“A human observer is able to recognise the colour of objects irrespective of the light used to illuminate the objects.” “Colour constancy does not exist in humans.” Which is right?
Sancho devises a trick so he can complete his penance and get rich. The pair meet a character from the book, and discover they have literary doubles.
Harriet Backer’s canonical masterwork, Nikolai Astrup shows his technical skill, two wonderful views by Pierre Bonnard, and from Eric Ravilious.
From Jan van Eyck to Caillebotte and Claus, these paintings show the view beyond an open doorway, commonly as a means of incorporating a landscape.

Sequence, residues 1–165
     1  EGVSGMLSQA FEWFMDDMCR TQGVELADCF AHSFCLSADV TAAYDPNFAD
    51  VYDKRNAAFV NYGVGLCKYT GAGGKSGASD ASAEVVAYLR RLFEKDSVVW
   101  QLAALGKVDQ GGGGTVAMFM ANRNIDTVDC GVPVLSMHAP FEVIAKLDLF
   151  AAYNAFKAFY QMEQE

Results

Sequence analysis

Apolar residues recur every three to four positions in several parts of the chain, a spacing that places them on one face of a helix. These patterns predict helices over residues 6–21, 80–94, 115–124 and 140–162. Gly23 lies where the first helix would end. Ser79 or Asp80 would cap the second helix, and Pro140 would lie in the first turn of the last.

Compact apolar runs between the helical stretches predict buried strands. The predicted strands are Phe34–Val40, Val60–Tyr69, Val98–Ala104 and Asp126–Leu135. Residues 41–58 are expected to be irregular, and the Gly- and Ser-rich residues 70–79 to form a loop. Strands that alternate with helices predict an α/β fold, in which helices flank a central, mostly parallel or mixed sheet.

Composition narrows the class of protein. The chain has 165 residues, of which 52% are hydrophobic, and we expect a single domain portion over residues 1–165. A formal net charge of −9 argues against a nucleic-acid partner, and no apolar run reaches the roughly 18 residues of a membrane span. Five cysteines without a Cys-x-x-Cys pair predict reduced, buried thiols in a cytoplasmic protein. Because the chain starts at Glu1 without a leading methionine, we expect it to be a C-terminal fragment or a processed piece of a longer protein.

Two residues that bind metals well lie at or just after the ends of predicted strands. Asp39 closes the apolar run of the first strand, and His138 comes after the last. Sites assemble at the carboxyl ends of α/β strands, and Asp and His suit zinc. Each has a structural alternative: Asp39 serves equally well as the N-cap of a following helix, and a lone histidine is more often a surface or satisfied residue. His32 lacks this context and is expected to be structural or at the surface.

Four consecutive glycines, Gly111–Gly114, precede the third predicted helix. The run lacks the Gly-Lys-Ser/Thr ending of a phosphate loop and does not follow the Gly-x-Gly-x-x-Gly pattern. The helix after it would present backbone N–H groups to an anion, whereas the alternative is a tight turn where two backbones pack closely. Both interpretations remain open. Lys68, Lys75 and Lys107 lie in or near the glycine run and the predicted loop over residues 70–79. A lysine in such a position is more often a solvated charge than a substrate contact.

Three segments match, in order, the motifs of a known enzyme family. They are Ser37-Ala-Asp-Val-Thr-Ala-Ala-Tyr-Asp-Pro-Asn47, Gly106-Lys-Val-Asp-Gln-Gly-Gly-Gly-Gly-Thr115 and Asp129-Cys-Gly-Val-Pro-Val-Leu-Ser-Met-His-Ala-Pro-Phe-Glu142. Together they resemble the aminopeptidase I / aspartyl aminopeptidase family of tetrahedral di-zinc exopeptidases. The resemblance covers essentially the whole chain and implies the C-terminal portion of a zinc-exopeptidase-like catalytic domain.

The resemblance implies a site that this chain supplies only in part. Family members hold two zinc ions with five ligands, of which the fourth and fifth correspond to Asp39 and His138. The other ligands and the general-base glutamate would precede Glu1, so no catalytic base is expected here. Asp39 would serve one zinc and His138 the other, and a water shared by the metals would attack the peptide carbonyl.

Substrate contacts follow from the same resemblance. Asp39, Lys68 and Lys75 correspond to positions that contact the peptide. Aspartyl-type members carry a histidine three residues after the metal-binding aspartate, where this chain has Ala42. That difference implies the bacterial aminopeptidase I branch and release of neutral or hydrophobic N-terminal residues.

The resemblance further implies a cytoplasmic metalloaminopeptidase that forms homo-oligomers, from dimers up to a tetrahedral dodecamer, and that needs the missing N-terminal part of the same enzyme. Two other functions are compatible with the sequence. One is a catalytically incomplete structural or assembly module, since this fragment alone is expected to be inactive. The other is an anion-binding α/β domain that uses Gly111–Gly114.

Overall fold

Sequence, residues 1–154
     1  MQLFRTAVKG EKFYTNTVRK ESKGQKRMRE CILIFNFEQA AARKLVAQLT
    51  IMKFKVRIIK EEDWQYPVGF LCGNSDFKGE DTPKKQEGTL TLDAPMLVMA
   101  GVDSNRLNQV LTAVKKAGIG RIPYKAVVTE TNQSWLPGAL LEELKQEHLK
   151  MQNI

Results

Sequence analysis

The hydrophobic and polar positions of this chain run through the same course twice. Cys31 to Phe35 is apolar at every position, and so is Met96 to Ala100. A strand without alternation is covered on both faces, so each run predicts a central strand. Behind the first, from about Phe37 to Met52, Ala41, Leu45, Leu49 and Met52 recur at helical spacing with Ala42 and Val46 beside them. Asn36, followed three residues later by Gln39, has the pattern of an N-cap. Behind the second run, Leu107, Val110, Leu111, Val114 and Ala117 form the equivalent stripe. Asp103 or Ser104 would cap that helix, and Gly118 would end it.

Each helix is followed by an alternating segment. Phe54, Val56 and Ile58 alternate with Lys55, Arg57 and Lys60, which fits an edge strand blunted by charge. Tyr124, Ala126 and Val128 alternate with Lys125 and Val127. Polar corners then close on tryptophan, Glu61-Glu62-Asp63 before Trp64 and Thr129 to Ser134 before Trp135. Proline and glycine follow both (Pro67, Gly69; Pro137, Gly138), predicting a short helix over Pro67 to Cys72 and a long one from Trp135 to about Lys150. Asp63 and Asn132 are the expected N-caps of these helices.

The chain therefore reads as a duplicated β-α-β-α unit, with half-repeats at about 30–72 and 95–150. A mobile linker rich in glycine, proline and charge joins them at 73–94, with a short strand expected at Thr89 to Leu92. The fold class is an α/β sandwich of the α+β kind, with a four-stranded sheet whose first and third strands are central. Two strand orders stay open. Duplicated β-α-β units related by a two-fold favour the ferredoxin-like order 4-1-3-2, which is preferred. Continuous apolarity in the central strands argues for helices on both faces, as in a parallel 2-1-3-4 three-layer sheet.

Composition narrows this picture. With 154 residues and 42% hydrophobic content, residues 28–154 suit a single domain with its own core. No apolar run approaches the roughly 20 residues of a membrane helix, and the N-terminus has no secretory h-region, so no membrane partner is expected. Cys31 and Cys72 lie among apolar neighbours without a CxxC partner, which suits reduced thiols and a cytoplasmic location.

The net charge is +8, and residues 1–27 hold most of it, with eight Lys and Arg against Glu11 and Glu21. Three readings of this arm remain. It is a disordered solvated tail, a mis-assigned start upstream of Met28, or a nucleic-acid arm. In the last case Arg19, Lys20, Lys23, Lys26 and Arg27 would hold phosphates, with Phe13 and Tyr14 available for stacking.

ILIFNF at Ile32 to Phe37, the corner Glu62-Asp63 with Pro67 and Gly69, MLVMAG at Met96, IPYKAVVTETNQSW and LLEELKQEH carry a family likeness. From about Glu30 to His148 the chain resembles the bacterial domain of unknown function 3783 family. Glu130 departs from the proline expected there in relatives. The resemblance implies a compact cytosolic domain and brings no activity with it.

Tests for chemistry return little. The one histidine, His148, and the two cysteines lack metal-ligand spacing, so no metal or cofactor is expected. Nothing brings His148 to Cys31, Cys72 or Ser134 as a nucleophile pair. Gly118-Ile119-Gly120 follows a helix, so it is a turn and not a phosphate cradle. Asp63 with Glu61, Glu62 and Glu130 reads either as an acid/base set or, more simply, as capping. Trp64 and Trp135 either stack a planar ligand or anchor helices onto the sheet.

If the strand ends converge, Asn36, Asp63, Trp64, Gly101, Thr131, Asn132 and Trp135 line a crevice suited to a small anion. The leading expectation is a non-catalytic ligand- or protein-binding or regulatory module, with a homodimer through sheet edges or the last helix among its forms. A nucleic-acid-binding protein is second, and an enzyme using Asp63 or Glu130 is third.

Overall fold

His magnificent triptych The Hutsul Madonna, and other paintings, as he lived between Poland and Lviv, a distinguished artist and teacher in both.
In the Spring, he changed style to Pointillism, then spent the summer at Les Andelys, where he painted a series of fine views, before ‘The Dining Room’, a masterly interior.
From the fur-trimmed cloaks of Jan van Eyck, to the soft folds of Lisa Gherardini’s dress: clothing and fabrics painted in oils.
A grisaille turned into a trompe l’oeil, symphonies in white, making the transition to oil paints, an exercise for pupils, and vibrant primary colours.
Arriving in the courtyard of the Duke and Duchess’s castle, a young woman’s body lies on a catafalque. It’s Altisidora, who died of unrequited love for Don Quixote.
Examples from Wright of Derby, Turner, Millet, van Gogh, Bonnard and others. But how many used the monochrome of scotopic vision?